Dracula (1931)

When discussing Tod Browning’s Dracula these days, it seems almost a cliché in many circles, often lumped in—as it often is in the popular consciousness—with the later Universal monster movies that tend to ratchet up the cheese factor. However, returning to the original source proves illuminating, from the arresting portrayal of the titular character by Bela Lugosi to the especially creepy introduction and conclusion to the film.

It’s that introduction in Dracula’s castle and the conclusion in his English lair that are so striking in the film, particularly due to Browning’s use of space. In the early scenes that take place at Dracula’s castle, as Renfield makes his visit, everything in the castle is grand, dominating the singular and diminutive real estate agent. The arches stretch up high toward the towering ceiling; the massive staircase curves up and out of sight; spider webs cover walkways taller and wider than a grown man; the fireplace in Dracula’s dining room is from the same family as the massive hearth Welles employed near the end of Citizen Kane ten years later; and even the table where Renfield sits, including the dishes and silverware, seems too large for him.

All of this communicates a sense of dread and powerlessness, not only because of the imposing grandeur of the place, but also because of its isolated location, two qualities it shares in common with Dracula’s English manor. Old and overgrown, the manor is difficult to access, at one point even looking like it is partially underground, or at least built into a hillside; the door that Van Helsing and Harker eventually enter through is difficult to breach; once inside the lair, and impressive staircase hugs the cylindrical wall; and as they pursue Dracula into the cellar, they discover what appears to be a catacomb-like series of rooms, a never-ending series of chambers that stretch out for what seems like forever into the blackness beyond.

These scenes, early and late, contrast significantly with the middle section of the film, most of which takes place on Dracula’s boat or in Dr. Seward’s house/mental hospital. Each of these locations seems small and confined by comparison to the other locations, and as such, much of the mystery in the film drains away in favor of clearer explanations, more plot information, and an ultimate understanding of vampires that comforts rather than terrifies. However, this works well in the scheme of Browning’s film. When we eventually arrive at Dracula’s English lair near the end of the film, Browning continues what he had begun early in the film—cloaking his villain in a mysterious space, one where he sits larger than life, where everything is dark and treacherous and unpredictable. The effect of the space in these final scenes therefore leaves a much more terrifying impression.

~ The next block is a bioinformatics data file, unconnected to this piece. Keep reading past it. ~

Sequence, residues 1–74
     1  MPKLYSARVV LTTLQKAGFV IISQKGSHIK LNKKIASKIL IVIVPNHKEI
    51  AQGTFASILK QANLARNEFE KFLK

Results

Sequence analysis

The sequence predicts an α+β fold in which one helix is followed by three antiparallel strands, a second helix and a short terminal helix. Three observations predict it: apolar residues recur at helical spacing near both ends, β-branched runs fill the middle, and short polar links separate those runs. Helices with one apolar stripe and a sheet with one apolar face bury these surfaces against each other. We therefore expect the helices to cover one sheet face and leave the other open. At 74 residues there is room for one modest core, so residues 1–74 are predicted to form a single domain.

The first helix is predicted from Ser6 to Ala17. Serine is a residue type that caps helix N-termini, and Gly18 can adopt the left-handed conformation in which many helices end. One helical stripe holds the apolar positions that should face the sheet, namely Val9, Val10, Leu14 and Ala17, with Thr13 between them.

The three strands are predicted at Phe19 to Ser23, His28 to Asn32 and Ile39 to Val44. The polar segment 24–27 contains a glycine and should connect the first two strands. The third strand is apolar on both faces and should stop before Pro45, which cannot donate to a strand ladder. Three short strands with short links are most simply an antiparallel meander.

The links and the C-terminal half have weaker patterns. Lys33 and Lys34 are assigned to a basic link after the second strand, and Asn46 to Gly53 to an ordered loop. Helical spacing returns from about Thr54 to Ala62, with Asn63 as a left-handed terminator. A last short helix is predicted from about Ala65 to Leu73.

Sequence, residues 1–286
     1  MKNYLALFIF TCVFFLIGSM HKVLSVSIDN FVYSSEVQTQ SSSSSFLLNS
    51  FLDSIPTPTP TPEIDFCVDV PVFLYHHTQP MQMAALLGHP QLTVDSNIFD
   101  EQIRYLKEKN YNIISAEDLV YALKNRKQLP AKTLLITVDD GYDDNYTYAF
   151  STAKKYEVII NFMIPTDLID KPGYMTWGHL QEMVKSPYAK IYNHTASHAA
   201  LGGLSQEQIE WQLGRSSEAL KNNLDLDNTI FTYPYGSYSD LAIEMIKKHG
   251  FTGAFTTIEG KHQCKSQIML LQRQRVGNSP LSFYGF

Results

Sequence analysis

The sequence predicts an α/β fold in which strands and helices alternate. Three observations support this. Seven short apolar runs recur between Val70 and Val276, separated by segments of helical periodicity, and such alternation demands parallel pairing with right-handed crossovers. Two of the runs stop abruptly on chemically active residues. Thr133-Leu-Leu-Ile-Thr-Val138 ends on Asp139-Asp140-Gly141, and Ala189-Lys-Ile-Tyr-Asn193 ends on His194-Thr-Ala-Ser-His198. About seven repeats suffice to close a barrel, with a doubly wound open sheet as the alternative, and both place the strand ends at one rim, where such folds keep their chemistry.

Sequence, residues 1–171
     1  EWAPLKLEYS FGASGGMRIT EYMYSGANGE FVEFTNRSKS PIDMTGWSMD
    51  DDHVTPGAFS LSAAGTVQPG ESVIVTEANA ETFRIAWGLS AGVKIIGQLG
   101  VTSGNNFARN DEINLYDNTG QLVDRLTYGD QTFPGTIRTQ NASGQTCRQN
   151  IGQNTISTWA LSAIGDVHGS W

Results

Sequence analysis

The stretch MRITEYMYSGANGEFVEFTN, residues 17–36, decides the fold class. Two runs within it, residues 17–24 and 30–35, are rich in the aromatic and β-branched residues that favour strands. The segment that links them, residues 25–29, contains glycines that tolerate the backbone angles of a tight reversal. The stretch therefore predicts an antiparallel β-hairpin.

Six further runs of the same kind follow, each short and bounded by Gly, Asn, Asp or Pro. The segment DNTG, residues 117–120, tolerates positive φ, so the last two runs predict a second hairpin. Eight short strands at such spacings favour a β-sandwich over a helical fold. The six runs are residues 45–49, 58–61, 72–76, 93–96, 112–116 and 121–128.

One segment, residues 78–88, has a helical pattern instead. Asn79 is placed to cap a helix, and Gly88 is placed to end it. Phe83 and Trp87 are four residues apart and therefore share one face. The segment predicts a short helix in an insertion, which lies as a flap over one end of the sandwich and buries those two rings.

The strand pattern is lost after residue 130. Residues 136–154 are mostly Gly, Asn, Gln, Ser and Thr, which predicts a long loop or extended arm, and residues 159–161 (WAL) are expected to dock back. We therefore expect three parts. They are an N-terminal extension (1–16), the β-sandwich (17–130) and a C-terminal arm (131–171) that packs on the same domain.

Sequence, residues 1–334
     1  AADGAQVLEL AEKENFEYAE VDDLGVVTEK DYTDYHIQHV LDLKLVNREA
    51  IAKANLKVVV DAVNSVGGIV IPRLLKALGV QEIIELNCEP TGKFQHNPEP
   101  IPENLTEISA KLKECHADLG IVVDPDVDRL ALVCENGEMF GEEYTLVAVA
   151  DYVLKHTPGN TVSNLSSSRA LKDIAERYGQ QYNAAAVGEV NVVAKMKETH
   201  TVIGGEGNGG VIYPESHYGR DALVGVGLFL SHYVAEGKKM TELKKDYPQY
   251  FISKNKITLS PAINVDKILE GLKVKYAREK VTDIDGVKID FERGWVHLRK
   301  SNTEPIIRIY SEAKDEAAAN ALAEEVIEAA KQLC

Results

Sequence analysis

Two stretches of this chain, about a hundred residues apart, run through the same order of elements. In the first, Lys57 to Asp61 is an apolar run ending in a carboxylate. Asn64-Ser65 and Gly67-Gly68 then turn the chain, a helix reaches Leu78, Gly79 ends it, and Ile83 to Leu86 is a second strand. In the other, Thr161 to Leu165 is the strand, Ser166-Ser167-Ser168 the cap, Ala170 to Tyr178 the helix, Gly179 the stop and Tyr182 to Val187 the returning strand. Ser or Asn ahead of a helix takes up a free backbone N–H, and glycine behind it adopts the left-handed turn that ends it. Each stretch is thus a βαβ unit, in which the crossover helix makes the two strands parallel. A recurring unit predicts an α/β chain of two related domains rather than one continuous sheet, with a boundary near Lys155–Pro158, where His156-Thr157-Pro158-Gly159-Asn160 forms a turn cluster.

So when Van Helsing finishes off the vampire at the film’s end, it’s hardly surprising that it occurs off screen. What better choice could Browning make? What some have criticized as a limp ending actually seems a brilliant choice. Rather than show his villain limited and defeated in this place of mystery and darkness—traditionally a place of strength for the vampire—he prevents the viewer from having the full catharsis of seeing the vampire killed. This in turn leaves everything somewhat unsettled, which is appropriate for such a dark and unpredictable setting. Through his use of space, Browning is able to end the film with more of a question than a full resolution.

The unique use of space in Browning’s film creates an equally unique structure to the film, where the real catharsis and victory comes with the action still in Dr. Seward’s house. For it is there that Van Helsing is portrayed as master of all things vampire; there where the doctor has a tight hold on his patient and daughter, Mina; and there where Dracula seems least able to affect his victim. The brilliance of the film then comes that it uses its final act to attain some narrative resolution, while at the same time remaining unwilling to resolve all the mystery and tension that surround a compelling creation such as Dracula.

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